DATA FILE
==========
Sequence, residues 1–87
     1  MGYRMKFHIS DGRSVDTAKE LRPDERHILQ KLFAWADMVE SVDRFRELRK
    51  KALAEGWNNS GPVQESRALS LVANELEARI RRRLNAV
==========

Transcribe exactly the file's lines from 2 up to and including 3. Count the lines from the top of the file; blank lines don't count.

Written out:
     1  MGYRMKFHIS DGRSVDTAKE LRPDERHILQ KLFAWADMVE SVDRFRELRK
    51  KALAEGWNNS GPVQESRALS LVANELEARI RRRLNAV